Over the fiscal year, 30 percent of IBRD/IDA commitments contained climate co-benefits, exceeding the Bank’s target of 28 percent by 2020. In November the institution announced a $200 billion five-year target to help countries address climate challenges, putting adaptation finance on a par with mitigation.
The International Finance Corporation (IFC) stepped up its focus on the poorest countries and fragile areas, in line with the capital increase that shareholders endorsed in April 2018. As the largest global development institution focused on the private sector, IFC creates markets and opportunities for sustainable private investment where they are needed most. Preliminary and unaudited data as of June 30 indicated that IFC made nearly $8.9 billion in long-term investments from its own account in FY19 and mobilized about $10.2 billion from other investors, totaling over $19 billion in long-term investments. These complex investments supported 269 long-term finance projects in developing countries. In addition, IFC extended $4.5 billion in short-term trade finance, with more than half ($2.5 billion) in IDA/FCS countries.
IFC is shifting its focus to working upstream to create a pipeline of bankable projects that will increase private investment in the world’s poorest countries, as outlined in its capital increase goals. IFC provided more than $4.8 billion in long-term financing to accelerate development in IDA countries, including funds mobilized from other investors. These countries accounted for nearly 25 percent of IFC’s total investments. Investments in businesses in fragile and conflict-affected states totaled over $500 million, including funds mobilized from other investors. IFC continued to focus on financing climate-friendly projects and ramping up investments in regions with acute development challenges. The proportion of funds committed to Africa, the Middle East and South Asia for IFC’s own account rose to a record 45 percent. IFC introduced principles for impact investing, paving the way for more capital to flow into projects with positive social and environmental effects. Sixty-three global investors have signed the Operating Principles for Impact Management.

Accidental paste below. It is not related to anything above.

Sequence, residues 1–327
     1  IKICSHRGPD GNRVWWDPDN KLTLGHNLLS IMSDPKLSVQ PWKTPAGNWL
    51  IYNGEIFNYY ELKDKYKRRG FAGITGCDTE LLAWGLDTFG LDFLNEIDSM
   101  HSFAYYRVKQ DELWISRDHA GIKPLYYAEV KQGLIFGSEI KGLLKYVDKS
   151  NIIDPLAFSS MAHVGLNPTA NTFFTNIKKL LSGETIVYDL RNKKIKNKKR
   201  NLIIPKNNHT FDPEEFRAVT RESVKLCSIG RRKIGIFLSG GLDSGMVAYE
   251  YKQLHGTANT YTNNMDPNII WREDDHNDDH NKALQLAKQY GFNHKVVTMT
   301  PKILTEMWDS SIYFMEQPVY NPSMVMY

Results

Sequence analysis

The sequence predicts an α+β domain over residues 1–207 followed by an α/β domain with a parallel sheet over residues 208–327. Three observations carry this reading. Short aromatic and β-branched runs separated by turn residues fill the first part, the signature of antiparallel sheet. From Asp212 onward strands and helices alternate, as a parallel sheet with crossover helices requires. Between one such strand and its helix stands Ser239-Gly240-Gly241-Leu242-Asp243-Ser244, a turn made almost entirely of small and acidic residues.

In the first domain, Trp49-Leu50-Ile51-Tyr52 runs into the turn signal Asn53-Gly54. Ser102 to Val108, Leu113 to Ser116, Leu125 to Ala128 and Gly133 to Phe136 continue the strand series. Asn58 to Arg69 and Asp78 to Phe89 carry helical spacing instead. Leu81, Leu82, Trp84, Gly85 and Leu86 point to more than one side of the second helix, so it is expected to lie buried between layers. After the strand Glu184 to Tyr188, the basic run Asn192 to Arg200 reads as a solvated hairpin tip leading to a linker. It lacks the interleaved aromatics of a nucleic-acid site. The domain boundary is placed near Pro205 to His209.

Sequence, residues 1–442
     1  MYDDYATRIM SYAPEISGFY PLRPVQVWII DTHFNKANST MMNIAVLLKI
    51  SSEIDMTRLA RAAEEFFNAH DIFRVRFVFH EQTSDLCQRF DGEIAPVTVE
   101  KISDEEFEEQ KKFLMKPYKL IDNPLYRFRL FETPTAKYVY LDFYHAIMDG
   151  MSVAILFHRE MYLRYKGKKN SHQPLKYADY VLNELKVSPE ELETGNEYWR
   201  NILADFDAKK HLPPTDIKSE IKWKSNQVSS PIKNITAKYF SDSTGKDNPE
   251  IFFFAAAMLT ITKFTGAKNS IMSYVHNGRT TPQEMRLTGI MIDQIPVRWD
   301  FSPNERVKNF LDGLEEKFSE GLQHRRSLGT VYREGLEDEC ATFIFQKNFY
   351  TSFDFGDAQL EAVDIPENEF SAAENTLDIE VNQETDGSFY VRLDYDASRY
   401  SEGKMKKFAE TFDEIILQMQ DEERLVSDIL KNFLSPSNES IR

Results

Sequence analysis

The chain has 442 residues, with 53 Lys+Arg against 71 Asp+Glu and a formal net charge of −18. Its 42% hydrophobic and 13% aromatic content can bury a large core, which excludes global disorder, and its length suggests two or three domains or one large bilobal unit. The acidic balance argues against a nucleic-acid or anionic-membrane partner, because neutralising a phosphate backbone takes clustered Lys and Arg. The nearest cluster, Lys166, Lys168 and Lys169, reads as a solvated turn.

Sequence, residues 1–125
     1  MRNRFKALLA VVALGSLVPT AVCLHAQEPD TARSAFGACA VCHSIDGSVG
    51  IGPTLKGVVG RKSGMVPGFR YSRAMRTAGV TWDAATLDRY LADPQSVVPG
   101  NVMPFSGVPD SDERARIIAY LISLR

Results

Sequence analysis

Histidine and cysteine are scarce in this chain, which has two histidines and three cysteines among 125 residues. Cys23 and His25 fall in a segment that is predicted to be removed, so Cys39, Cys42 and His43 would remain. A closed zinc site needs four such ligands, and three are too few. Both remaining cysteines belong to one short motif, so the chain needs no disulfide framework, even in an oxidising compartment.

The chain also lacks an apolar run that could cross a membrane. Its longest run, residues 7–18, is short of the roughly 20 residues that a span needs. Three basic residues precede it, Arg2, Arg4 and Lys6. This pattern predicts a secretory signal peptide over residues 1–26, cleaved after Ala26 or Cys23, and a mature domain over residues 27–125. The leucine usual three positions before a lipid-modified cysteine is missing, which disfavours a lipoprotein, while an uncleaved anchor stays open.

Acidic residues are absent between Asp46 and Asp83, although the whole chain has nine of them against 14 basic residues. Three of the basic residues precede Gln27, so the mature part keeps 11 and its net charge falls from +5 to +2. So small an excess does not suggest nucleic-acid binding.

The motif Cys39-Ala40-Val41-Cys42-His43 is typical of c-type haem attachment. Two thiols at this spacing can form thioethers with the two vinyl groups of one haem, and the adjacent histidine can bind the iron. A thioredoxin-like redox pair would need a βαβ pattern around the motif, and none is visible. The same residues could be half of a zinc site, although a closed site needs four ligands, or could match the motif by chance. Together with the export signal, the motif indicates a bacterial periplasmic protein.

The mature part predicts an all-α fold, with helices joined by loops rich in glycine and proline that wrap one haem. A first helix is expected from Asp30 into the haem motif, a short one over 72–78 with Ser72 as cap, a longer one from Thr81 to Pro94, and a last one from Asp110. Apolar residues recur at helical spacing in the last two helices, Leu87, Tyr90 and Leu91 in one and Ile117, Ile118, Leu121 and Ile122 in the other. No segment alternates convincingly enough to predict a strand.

The Multilateral Investment Guarantee Agency (MIGA) is the largest multilateral political risk insurance provider, with a mandate of creating development impact by helping drive FDI to developing countries. It issued $5.5 billion in new guarantees, helping mobilize $9.3 billion in total financing. The projects MIGA supported in FY19 will provide access to power to some 3.6 million people and generate $791 million in taxes and fees annually paid to host governments. Nearly 30 percent of MIGA’s guarantee program over the fiscal year supported projects in IDA countries and fragile settings, and almost two-thirds contributed to climate change adaptation or mitigation. Over the last six years, MIGA’s outstanding guarantees doubled to $23.3 billion. To increase its development impact, MIGA revised and standardized its contracts in FY19, and strengthened collaboration with the EBRD, ADB and ICIEC, in line with the suggestion by the G20 Eminent Persons Group on Global Financial Governance.